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5.  Office of Management and Budget Memorandum, Implementation of the Federal Civil Penalties Inflation Adjustment Act Improvement Act of 2015 (OMB Memorandum M-16-06) at p. 8, Appendix (February 24, 2016).

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6.  See OMB Memorandum M-16-06 at p. 6 for a list of the applicable cost-of-living multipliers by year.

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7.  78 FR 66643 (November 6, 2013).

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8.  To calculate the 150 percent increase limitation, multiply the inflation adjusted statutory civil penalty amounts in effect on November 2, 2015 by 2.5 or 250 percent.

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9.  Note that CAA section 113(d)(1) and section 205(c)(1) authorize the imposition of a higher statutory maximum civil penalty in an administrative enforcement action if the EPA Administrator and the Attorney General jointly decide that a higher statutory maximum civil penalty is appropriate in a particular matter.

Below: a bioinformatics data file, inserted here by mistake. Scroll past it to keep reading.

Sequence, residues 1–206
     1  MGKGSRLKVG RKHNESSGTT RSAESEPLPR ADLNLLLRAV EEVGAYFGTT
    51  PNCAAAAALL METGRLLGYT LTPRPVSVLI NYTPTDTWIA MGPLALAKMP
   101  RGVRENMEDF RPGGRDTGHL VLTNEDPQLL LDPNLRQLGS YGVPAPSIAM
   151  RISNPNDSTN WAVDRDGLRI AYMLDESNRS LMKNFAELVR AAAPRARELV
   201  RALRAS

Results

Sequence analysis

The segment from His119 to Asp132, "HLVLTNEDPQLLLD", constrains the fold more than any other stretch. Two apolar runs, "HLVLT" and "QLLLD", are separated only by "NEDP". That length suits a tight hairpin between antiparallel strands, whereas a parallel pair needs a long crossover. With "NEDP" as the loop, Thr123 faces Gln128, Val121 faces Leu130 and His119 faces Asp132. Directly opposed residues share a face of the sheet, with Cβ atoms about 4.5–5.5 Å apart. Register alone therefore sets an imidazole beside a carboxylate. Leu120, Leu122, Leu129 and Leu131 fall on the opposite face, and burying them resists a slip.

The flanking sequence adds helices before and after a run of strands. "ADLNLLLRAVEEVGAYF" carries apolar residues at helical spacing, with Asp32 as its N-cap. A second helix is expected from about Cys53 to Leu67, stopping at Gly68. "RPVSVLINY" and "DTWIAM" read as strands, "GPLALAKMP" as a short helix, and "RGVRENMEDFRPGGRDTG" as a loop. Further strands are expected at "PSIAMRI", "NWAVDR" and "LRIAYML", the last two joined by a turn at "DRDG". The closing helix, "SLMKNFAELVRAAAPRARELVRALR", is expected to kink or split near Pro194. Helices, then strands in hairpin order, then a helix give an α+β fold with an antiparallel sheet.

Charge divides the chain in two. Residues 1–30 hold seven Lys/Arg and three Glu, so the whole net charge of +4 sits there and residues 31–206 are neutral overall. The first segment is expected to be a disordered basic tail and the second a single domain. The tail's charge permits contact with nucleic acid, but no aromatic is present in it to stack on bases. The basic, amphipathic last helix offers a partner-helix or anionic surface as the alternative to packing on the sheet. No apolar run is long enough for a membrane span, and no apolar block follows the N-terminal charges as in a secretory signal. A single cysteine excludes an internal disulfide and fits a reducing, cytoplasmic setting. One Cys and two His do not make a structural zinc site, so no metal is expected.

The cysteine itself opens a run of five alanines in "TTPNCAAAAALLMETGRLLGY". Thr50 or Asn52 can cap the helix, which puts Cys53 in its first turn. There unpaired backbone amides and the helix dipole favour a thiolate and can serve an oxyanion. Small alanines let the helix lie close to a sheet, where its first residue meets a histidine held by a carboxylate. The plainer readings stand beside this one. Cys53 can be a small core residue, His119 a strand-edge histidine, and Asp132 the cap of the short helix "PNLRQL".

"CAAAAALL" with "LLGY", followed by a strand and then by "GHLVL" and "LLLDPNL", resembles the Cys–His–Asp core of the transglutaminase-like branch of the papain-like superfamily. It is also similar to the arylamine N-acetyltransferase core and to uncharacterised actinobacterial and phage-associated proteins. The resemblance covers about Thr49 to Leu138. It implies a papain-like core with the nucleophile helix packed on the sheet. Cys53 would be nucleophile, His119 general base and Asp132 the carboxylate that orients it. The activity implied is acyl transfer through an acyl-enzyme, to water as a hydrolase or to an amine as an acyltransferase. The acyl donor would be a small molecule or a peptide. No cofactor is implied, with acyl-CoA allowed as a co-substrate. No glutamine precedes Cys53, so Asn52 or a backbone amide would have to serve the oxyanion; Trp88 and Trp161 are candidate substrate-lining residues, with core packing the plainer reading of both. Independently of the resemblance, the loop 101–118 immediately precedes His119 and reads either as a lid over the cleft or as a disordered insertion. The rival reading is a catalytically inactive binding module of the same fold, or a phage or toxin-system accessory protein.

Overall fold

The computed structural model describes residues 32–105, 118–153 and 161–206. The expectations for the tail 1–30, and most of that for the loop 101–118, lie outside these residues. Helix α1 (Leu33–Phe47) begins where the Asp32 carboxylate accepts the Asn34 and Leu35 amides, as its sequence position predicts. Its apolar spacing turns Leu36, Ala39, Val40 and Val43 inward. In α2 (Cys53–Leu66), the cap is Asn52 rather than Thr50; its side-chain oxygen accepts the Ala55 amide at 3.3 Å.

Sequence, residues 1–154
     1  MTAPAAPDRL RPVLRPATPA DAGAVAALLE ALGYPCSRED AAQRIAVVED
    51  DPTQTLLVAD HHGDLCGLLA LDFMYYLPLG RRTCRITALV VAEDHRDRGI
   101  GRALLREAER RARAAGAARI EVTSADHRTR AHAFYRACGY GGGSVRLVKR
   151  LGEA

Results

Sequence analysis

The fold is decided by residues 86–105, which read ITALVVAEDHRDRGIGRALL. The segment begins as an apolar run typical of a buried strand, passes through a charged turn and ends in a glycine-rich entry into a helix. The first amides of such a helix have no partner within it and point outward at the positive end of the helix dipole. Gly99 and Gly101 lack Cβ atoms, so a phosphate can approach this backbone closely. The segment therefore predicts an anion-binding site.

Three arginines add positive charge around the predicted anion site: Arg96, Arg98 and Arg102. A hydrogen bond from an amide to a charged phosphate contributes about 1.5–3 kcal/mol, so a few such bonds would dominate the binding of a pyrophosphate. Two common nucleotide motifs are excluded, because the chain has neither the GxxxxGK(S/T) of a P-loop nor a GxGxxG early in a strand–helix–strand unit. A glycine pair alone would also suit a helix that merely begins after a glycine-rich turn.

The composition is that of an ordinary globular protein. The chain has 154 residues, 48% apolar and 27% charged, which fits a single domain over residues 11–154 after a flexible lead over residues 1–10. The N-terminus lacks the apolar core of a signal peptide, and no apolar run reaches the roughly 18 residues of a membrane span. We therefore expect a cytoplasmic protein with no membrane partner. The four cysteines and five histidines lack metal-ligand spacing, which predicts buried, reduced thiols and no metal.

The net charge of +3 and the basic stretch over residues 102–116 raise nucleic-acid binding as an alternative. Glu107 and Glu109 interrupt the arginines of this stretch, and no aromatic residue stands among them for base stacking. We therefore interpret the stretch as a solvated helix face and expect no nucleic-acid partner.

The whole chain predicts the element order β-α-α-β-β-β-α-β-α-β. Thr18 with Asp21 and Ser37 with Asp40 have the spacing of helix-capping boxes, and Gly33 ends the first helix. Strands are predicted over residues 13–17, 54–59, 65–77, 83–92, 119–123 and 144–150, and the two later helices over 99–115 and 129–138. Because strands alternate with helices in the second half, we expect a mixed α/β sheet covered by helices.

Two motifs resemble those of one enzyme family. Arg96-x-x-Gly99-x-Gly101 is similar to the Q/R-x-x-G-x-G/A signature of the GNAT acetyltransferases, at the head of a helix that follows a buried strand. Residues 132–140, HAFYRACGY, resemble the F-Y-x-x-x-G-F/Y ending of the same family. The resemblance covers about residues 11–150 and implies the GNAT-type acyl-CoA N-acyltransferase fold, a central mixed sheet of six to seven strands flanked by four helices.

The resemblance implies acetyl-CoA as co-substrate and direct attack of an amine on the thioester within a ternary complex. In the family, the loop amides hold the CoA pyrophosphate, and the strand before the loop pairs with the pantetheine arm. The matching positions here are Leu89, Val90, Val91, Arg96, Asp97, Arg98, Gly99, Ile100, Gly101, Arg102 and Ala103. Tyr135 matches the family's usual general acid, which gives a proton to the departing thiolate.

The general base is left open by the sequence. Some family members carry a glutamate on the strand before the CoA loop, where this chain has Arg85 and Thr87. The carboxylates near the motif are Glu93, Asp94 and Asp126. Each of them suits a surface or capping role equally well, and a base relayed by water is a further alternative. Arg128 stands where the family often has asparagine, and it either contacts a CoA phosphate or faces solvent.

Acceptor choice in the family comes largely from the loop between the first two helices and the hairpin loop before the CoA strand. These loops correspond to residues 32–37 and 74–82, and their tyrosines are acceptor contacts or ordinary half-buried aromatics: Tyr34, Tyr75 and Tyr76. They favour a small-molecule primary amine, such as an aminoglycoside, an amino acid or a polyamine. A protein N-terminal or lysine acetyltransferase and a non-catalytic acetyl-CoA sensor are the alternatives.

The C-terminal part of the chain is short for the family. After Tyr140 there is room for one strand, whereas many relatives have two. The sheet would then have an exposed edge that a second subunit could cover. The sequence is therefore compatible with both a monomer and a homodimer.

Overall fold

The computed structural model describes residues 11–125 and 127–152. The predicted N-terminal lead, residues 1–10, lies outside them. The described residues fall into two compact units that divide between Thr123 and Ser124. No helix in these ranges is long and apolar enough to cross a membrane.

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10.  Section 4(c)(1) of the 2015 Act.

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11.  See OMB Memorandum M-16-06 at p.3.

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12.  See OMB Memorandum M-16-06 at pp. 3-4.

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1.  Note that 7 U.S.C. 136 l. (a)(2) contains three separate statutory maximum civil penalty provisions. The first mention of $1,000 and the $500 statutory maximum civil penalty amount were originally enacted in 1978 (Pub. L 95-396), and the second mention of $1,000 was enacted in 1972 (Pub. L. 92-516).

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[FR Doc. 2016-15411 Filed 6-30-16; 8:45 am]